Sunday, 7 June 2015

Reimagined Dragons

I’ve been called a handful of less-than-flattering names in my time (with varying degrees of justice), but it occurred to me when I was casting round for ideas for this post that I’ve never, ever, not once been described to as a “dragon”. At first, that struck me as somewhat of an omission on the world’s part—after all, when I was a small child, television comedies and cartoon strips seemed replete with women who were described as “dragons” (for the most part, by hilarious coincidence, married to maddeningly ineffectual blokes called George). Was I not as fearsomely exacting, exhausting and exigent as those ladies?
 
OK, maybe my fire-breathing skills could use a little work, but perhaps a more persuasive reason is that the role of the dragon has always been trickier to pin down than the shifting shimmer of iridescent scales. Reimagined time and again as greedy guardians of coveted treasure, oppressors of princesses (and other edible maidens), adversaries of knights, emblems of wisdom, of benevolence of longevity—wait! What? Yup, let’s not forget the important role of dragons in Chinese mythology, where they are often the good guys. Today, in film and television, the adventures of Hiccup, the young Viking of How to Train Your Dragon and Daenerys Targaryen, Game of Thrones’ very own Mother of Dragons, depict the dragon’s role as less that of adversary and more that of a powerful ally to understand and befriend.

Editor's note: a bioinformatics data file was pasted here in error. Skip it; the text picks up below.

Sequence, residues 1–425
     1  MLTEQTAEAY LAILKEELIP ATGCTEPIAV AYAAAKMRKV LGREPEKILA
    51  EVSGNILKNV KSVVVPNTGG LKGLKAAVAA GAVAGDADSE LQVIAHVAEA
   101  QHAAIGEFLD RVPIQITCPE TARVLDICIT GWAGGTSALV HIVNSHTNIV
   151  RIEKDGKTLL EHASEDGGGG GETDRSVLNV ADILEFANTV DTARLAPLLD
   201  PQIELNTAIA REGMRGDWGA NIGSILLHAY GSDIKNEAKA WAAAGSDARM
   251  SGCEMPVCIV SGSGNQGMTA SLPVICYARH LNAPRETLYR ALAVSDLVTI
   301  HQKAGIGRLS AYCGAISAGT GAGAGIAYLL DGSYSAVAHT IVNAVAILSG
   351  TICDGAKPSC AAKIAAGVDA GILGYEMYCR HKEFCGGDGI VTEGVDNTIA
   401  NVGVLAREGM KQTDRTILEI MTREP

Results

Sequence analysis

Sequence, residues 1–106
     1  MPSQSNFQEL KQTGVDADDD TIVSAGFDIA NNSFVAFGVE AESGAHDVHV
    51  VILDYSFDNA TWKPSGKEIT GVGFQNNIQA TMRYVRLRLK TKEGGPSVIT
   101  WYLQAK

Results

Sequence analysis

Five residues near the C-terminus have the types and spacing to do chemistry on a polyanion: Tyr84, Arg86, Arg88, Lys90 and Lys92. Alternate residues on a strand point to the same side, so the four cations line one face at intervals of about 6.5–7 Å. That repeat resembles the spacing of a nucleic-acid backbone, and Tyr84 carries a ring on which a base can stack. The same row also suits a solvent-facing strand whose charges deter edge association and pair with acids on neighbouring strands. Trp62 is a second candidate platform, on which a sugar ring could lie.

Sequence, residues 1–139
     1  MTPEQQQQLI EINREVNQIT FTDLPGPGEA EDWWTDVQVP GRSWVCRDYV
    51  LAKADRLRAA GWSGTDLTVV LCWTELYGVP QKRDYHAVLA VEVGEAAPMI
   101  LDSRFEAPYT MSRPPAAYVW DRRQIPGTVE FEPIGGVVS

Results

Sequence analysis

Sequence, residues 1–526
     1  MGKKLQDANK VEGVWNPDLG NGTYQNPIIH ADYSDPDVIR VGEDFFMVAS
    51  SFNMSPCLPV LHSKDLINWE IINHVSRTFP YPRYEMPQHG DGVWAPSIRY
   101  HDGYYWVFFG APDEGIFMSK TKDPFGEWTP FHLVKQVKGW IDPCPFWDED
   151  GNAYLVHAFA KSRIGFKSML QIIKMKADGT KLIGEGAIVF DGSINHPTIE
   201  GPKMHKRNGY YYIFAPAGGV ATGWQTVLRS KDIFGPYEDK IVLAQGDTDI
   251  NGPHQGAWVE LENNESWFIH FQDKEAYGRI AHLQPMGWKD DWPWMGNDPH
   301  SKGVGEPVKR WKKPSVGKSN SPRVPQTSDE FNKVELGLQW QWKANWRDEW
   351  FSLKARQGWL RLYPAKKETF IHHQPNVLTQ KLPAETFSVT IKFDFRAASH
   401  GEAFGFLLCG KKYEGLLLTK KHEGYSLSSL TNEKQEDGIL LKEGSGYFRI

Nor is this a case of a monster being stripped of its terrifying aspects to make it more palatable to modern audiences; while vampires may have undergone pop culture makeovers, transforming them from blood-bloated shambling corpses into sparkly studmuffins, dragons have been complex critters from the get-go, sometimes to be slain with a sword and sometime, as in the case of the Laidly Worm, to be rescued from enchantment with “kisses three”. In all cases, however, the dragon presents some kind of a challenge which cannot be ignored—and often one that must be tackled not only with physical strength and courage, but also with intelligence, insight and compassion.
 
Thank you for reading, Alison Raouf.
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